Except for the feuding County Council--have agreed to run for reelection as a slate, prompting complaints of "foul" from at least three challengers, who accuse them of fostering bossism in a county that has a tradition of good government.
Formation of "Democrats For '82" had been opposed by some of the incumbents, including State's Attorney Andrew L. Sonner, who two months ago called the idea "undemocratic."
Pat Billings, the campaign coordinator for the slate, said, "We are not discouraging anyone from running. I don't think it's our intention to shut anybody else out."
The slate, which has a campaign office on Rockville Pike, plans to raise $50,000 and mail 120,000 sample ballots to county homes. Retiring State Sen. Victor L. Crawford will direct the joint campaign.
The ticket will include Gov. Harry Hughes, County Executive Charles W. Gilchrist, candidates for the legislature, four incumbent circuit court judges (who also will run in the Republican primary) courthouse officials and central committee members. With the deadline for filing Tuesday, all but Recorder Rosalie Reilly and some of the legislative and central committee candidates are facing primary opposition.
Wade Dunn, a Rockville businessman who is challenging Gilchrist, called forming a slate "irresponsible. I think it closes out what democracy is all about. I think it smacks of machine politics and I don't think the majority of Montgomery County voters will approve of that process."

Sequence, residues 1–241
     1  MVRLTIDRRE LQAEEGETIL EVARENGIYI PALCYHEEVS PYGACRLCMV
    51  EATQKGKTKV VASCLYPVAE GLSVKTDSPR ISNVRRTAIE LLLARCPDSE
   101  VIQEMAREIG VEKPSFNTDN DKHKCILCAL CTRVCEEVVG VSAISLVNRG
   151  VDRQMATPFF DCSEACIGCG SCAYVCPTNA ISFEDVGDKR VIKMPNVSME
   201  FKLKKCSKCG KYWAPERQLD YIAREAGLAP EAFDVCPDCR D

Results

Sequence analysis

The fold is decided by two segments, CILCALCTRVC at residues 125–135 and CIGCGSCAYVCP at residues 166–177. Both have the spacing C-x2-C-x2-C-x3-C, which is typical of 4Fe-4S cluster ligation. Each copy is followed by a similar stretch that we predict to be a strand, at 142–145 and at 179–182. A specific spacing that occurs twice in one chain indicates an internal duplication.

Rockville lawyer Daniel Cassidy, waging his second primary challenge against Sonner, recalled the prosecutor's earlier criticism of slate-making. "I think Sonner's too weak to run on his record," Cassidy said. "It just shows that he's a slippery politician and not a law-enforcement official."
Sonner repeated yesterday that "I do not approve of it. I do not think it is in the public interest." He said he agreed to be included on the slate because "I don't want to be a problem for my other teammates," but said he will not contribute to it.
Lawyer Abbe D. Lowell, who said he has raised $25,000 in his race for a 16th District legislative seat, said "this will make them the party of slates and backroom deals."
Del. Judith Toth, who like Sonner had initially criticized the idea, said she would run alone rather than pay the $1,000 fee asked of delegate candidates. But Sen. Laurence Levitan and Del. Jerry Hyatt from Toth's Potomac district agreed to pay her fee, rather than risk division. "It's kind of coercion," Toth said. " . . . . But if the boys are willing to pay it--and they say they are--then I say fine."